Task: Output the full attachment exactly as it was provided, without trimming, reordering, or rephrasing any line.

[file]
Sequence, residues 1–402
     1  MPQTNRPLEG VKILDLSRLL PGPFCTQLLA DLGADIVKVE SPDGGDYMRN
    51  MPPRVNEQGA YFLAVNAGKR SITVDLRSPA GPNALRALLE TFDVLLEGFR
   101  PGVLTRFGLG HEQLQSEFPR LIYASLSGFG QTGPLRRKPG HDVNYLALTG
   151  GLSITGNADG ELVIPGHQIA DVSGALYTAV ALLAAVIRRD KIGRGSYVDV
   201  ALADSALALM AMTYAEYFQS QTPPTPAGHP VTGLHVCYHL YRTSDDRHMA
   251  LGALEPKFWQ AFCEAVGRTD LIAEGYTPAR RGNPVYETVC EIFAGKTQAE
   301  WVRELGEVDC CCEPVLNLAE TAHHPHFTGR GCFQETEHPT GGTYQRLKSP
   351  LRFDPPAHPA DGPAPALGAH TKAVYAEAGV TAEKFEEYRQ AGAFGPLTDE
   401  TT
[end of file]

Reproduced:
Sequence, residues 1–402
     1  MPQTNRPLEG VKILDLSRLL PGPFCTQLLA DLGADIVKVE SPDGGDYMRN
    51  MPPRVNEQGA YFLAVNAGKR SITVDLRSPA GPNALRALLE TFDVLLEGFR
   101  PGVLTRFGLG HEQLQSEFPR LIYASLSGFG QTGPLRRKPG HDVNYLALTG
   151  GLSITGNADG ELVIPGHQIA DVSGALYTAV ALLAAVIRRD KIGRGSYVDV
   201  ALADSALALM AMTYAEYFQS QTPPTPAGHP VTGLHVCYHL YRTSDDRHMA
   251  LGALEPKFWQ AFCEAVGRTD LIAEGYTPAR RGNPVYETVC EIFAGKTQAE
   301  WVRELGEVDC CCEPVLNLAE TAHHPHFTGR GCFQETEHPT GGTYQRLKSP
   351  LRFDPPAHPA DGPAPALGAH TKAVYAEAGV TAEKFEEYRQ AGAFGPLTDE
   401  TT